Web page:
It’s amazing that Woodward "discovered" this in a very short time after taking the job, especially when there were many other concerns surrounding his appointment. As many of Woodward's emails I've read recently, I cannot find any that outline specifically the poor job handling finances. Considering Kessler had dismissed other direct reportees prior to Woodward’s arrival, Woodward would have been wise to have studied the situation longer, even look into how Barton's direct boss, Kessler, handles finances which are obviously not very well (see next paragraph). But, Woodward's off the cuff technique took over.
But wait; there’s more. Woodward’s ears must reek of odor due to all the garbage he’s was hearing from Kessler who convinced Woodward that a 5% tax on all donations to NC State is appropriate with the money going to Kessler's discretion. It means taking much needed money from all departments and putting it into the operations of Kessler’s office, University Advancement. Kessler had push back from the College Deans and from the College-based Foundation executives who are in the trenches every day over this tax, but obviously Woodward didn’t want to listen to the Deans, a well-respected group, and Kessler wasn't about to tell Woodward the bad news. From this, one can only surmise Woodward cared more for Kessler than for the Deans and that Kessler cannot do his primary job of raising adequate funds to support his bad habits in fund-raising and administration of his office. Kessler delivered an olive branch offering to return 2% to the colleges and foundations. So, maybe he just wants 3% but he’ll go before the NCSU Board of Trustees to ask for 5%, saying he’ll return 2%. That comes up in mid-April at the BOT first meeting with new Chancellor, Randy Woodson.
It’s sad that Woodward, who according to the Tar Heel of the Week article, has saved NC State University from ruin (what bull), has listened to Kessler on so many subjects. Woodward came to NC State with assurance from Bowles that he (Woodward) would have total control. When he “walked into the room” he was forceful and definitive in his words and actions. Maybe the BOT members were looking for a leader instead of being leaders. Yes, Woodward does not work for the BOT, but a little resistance from those who represent the alumni of NC State would have been nice. On the other hand, part of the scandal that caused Oblinger to resign came directly from the Board of Trustees. NC State didn’t need anyone to “clean up a mess.” It just needed an honest person to sit in the Chancellor’s Chair until the permanent replacement for Oblinger was found.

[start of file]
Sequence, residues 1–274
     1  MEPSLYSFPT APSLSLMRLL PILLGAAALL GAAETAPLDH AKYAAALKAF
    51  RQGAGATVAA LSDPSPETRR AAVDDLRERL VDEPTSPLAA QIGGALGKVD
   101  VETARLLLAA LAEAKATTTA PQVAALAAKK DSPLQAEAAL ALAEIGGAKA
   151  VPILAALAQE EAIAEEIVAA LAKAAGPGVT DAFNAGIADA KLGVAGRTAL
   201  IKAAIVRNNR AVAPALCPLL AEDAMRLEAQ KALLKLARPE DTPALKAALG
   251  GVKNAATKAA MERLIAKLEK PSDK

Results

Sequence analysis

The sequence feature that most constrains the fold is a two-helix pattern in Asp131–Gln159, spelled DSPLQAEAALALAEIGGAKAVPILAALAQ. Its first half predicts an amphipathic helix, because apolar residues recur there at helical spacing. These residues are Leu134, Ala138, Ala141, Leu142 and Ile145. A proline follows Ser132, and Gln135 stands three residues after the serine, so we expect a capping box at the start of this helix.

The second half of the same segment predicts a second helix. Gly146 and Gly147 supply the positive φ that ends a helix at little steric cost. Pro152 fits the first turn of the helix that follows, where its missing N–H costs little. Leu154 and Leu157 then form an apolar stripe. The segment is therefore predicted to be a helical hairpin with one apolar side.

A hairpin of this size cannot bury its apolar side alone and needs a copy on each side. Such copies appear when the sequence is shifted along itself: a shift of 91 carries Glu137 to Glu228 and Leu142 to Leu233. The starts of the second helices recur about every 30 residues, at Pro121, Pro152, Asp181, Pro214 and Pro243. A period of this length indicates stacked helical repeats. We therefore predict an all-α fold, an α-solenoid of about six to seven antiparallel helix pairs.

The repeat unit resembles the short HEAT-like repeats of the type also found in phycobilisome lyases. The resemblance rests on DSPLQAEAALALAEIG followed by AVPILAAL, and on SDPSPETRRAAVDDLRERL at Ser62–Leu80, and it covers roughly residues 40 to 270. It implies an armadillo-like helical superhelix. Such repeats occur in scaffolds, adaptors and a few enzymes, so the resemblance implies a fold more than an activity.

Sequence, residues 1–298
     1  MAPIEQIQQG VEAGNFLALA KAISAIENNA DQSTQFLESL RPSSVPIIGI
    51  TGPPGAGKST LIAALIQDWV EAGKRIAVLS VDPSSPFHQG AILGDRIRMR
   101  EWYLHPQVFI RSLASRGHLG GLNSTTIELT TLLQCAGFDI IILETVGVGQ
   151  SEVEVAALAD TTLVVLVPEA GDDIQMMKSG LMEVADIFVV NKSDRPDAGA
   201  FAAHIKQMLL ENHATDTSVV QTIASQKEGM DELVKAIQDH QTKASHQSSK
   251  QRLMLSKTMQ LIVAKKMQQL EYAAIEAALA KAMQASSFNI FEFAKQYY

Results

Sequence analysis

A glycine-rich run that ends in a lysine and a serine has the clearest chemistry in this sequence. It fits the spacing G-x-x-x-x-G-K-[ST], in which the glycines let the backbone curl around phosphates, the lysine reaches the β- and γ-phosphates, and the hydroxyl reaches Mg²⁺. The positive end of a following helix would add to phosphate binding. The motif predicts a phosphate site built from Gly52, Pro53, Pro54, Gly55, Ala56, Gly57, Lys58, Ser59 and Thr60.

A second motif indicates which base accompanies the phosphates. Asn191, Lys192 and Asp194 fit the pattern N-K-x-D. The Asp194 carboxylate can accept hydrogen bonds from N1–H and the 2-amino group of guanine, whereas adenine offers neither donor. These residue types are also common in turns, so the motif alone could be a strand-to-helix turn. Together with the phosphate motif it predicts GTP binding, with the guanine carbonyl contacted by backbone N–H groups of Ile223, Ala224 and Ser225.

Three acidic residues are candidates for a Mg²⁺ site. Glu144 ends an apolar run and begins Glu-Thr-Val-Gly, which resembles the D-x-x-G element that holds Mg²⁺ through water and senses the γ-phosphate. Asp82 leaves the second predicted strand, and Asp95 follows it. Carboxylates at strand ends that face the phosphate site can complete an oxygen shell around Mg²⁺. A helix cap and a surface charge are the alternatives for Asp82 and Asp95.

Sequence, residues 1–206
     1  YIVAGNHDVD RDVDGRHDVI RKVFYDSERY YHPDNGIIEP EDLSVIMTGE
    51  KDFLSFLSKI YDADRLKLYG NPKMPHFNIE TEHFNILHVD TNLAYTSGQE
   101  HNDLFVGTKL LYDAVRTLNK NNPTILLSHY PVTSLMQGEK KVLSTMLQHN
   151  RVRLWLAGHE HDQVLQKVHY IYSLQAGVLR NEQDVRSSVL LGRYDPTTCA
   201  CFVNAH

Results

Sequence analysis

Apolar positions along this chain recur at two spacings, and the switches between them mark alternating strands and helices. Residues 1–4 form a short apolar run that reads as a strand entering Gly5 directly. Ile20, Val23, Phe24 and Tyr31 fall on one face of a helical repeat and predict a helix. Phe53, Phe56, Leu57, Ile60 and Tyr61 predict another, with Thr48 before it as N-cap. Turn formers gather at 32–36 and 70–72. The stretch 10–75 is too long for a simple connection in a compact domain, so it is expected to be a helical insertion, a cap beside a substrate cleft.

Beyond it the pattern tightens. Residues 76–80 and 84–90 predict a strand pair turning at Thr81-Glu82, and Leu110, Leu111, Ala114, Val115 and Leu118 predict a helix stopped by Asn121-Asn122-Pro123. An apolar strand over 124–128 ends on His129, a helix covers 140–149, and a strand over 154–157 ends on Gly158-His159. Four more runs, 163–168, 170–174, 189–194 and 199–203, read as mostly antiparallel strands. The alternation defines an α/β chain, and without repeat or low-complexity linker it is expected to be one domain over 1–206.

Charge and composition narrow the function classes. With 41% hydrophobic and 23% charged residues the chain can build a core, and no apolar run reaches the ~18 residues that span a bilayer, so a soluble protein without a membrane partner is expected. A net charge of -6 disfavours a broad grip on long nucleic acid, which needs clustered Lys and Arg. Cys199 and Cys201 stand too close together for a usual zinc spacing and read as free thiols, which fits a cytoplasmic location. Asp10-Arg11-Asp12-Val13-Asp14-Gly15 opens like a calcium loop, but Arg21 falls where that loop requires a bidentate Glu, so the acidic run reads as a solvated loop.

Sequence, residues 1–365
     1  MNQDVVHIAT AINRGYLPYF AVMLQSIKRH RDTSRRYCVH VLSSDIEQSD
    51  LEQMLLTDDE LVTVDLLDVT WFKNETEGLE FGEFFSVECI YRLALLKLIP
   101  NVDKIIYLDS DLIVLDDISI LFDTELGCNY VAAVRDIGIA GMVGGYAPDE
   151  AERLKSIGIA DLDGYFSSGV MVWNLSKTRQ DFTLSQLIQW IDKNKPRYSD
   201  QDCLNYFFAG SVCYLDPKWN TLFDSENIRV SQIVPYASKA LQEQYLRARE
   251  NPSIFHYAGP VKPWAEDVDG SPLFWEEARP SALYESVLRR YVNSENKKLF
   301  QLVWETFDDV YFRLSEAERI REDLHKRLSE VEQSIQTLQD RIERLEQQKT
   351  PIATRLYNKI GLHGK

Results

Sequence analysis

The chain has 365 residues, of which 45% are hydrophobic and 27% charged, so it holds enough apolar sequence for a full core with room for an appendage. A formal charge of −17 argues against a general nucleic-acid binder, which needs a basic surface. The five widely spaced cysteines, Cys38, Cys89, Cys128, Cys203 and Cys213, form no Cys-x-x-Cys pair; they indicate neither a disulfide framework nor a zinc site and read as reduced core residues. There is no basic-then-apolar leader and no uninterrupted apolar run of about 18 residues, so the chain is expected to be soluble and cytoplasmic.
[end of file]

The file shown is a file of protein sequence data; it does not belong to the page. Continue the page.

But, Woodward would have none of that. He wanted uncontrollable control, and he got it. Maybe, Woodward, in some respects, was good for NC State University, but on several matters, he missed the mark, and while some will remember him for steadying a ship that was teetering a little, he’ll also be known as one who listened to bad advice and acted. He gets credit for down-sizing a new home for Chancellors to come. Big deal. He fired a very popular Alumni Director. Shame, shame. Why not tackle the leadership of the Department of Athletics. Or maybe he did. Lots of word on the street about that, even with a head-hunter involved. Maybe Woodward started something he wanted to do but just couldn’t finish it.
All of this makes one wonder the criteria for The N&O Tar Heel of the Week honor, if it indeed is an honor. One staff writer told me that overall the editors think Woodward was good for NC State. Maybe, but does that mean the bad parts of the story should go untold? I feel my University has been lied to, cheated on and has more than spots all over a blue dress. Tar Heel of the Week: just what are the criteria? It’s whatever serves the newspaper, and in this case, The N&O missed the mark for qualifications. On the other hand, wasn’t John Edwards once a recipient? Considering Edwards’ recent Waterloo, not bad company for Woodward.
Yes, Nixon had his Watergate, and Clinton had his Lewinsky. Woodward, well, it remains complicated. He has his Kessler, but then Woodward also has himself. Isn’t there a way for the two to leave together?